Going into the playoff series between the two teams, the Oklahoma City Thunder enjoyed a massive advantage in star power over the Jazz.
The Thunder feature a roster comprised of three players with All-Star history, including two this season in Paul George and Russell Westbrook. Late in his career, Carmelo Anthony is a 10-time All-Star capable of playing well in spurts. The Jazz number zero in the All-Atar category.
Sure enough, the All-Stars shined the brightest in Game 1 of the best-of-seven series in the first round. The Jazz could not match the firepower of the trio of George, Westbrook, and Anthony in the Thunder’s 116-108 win Sunday at Chesapeake Energy Arena.
The Jazz, fresh off a better-than-expected regular season, are a team with developing stars in Donovan Mitchell and Rudy Gobert. Both acquitted themselves well enough in the playoff opener, especially Mitchell, but in a simple case of mathematics they were outnumbered.
Three is greater than two every time.
And George was greater than all of them. Two months away from becoming a free agent, George dominated in scoring a game-high 36 points on an impressive 13 of 20 shooting, including a blistering 8 of 11 on three-point shots.
“He really, really got it going offensively,” said Thunder coach Billy Donovan. “He made some shots.”
The Jazz simply didn’t get enough help to supplement Mitchell and Gobert. To have any hope of winning the series, the likes of Derrick Favors, Jae Crowder and Dante Exum need to make far greater contributions.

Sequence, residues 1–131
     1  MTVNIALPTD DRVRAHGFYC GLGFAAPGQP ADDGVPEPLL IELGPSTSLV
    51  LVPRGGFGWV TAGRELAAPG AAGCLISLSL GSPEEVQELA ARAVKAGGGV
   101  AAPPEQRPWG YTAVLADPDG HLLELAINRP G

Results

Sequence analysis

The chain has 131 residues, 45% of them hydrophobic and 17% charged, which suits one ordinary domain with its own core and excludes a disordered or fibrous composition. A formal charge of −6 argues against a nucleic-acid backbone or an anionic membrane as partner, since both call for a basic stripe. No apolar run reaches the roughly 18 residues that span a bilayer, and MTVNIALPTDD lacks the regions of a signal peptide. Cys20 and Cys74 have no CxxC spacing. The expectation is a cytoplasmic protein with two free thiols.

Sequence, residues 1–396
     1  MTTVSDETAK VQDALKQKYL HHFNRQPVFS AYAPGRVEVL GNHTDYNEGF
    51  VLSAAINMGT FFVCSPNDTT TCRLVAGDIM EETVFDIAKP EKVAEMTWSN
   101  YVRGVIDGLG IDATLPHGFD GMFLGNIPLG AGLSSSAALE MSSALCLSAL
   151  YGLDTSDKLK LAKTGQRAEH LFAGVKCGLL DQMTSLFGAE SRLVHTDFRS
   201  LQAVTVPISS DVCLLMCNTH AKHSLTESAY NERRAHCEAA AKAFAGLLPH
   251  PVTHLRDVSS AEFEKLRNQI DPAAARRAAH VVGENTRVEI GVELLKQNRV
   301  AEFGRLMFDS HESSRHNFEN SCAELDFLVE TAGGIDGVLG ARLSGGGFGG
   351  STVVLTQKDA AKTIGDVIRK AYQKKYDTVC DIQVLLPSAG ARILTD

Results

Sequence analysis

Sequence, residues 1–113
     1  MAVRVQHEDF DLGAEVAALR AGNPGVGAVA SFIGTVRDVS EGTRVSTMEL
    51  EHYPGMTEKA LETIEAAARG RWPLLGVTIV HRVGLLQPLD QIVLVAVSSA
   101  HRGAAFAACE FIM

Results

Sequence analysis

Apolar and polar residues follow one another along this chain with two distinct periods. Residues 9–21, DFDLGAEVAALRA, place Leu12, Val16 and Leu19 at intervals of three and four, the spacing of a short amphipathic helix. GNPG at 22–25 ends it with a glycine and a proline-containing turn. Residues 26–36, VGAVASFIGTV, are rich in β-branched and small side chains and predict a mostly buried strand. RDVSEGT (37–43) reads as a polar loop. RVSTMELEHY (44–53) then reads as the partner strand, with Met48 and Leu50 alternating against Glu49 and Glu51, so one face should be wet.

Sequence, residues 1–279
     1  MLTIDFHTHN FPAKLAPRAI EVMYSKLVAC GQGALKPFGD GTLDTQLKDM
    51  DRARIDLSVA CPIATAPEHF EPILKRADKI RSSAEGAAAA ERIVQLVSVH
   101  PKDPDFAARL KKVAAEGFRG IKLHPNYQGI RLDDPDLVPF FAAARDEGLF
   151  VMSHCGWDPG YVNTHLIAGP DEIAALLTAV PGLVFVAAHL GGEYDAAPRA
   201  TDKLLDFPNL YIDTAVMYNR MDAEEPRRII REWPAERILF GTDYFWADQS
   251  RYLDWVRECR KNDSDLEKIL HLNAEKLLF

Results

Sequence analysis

“Not to single out our bench from our starters, we just need to play better,” said coach Quin Snyder.
Despite a valiant effort, Donovan Mitchell cannot be expected to carry the load by himself on offense. Yet, that was the case in the third quarter, when the rookie single-handedly tried to get the game close.
If teammates can follow Mitchell’s lead, the Jazz have a chance to compete in the series. Without more help, the Jazz could have a short stay in the playoffs.
Forget about being wide-eyed in your first postseason appearance. Playing on a sore toe much of the second half, the brilliant Mitchell ended with 27 points and 10 rebounds.
If toughness is an important attribute, which it is, Mitchell already is an elite All-Star. Midway through the fourth quarter, already having been in the locker room for treatment and X-rays on his toe, Mitchell came out of the game but then argued with Snyder to let him return.
Mitchell, who became the first rookie since LeBron James to have at least 27 points and 10 rebounds in his first playoff game, wants to see better movement on offense in Game 2 on Wednesday. He thought the offense got stagnant.
“We didn’t really move the ball like we normally do,” Mitchell said.
As he has done much of this season, Mitchell played well right from the start as the Jazz opened a 16-4 lead. But the advantage quickly evaporated and the game was tied at 25-25 after the first half.
“Once we got back in transition and set our defense we were in a better position,” Donovan said.
Aside from the second quarter in which they were outscored 29-23, the Jazz never really got blown away. For all of the second half, Oklahoma City actually held only a two-point advantage, although part of the margin was reduced by Alec Burks coming off the bench to score 10 points in the final two minutes.
With three days until the next game, each team has plenty of time to make adjustments. The Thunder expect a much different game the second time around.
“I think Game 2 will be harder than it was today,” Billy Donovan said. “We’re playing against a really good team on both sides of the floor.”